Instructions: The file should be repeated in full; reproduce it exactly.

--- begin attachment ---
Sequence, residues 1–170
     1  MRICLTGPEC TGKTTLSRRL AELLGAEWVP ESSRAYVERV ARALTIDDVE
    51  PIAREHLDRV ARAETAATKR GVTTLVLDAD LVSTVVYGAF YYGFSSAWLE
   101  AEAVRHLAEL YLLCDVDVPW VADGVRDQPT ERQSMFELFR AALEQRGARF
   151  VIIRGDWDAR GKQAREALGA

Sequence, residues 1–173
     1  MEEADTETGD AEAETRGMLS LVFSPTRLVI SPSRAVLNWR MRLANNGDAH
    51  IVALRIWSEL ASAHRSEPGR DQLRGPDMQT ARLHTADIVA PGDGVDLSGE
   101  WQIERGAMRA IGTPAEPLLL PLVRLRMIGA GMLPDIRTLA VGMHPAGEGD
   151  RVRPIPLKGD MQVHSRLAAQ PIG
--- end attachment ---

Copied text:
Sequence, residues 1–170
     1  MRICLTGPEC TGKTTLSRRL AELLGAEWVP ESSRAYVERV ARALTIDDVE
    51  PIAREHLDRV ARAETAATKR GVTTLVLDAD LVSTVVYGAF YYGFSSAWLE
   101  AEAVRHLAEL YLLCDVDVPW VADGVRDQPT ERQSMFELFR AALEQRGARF
   151  VIIRGDWDAR GKQAREALGA

Sequence, residues 1–173
     1  MEEADTETGD AEAETRGMLS LVFSPTRLVI SPSRAVLNWR MRLANNGDAH
    51  IVALRIWSEL ASAHRSEPGR DQLRGPDMQT ARLHTADIVA PGDGVDLSGE
   101  WQIERGAMRA IGTPAEPLLL PLVRLRMIGA GMLPDIRTLA VGMHPAGEGD
   151  RVRPIPLKGD MQVHSRLAAQ PIG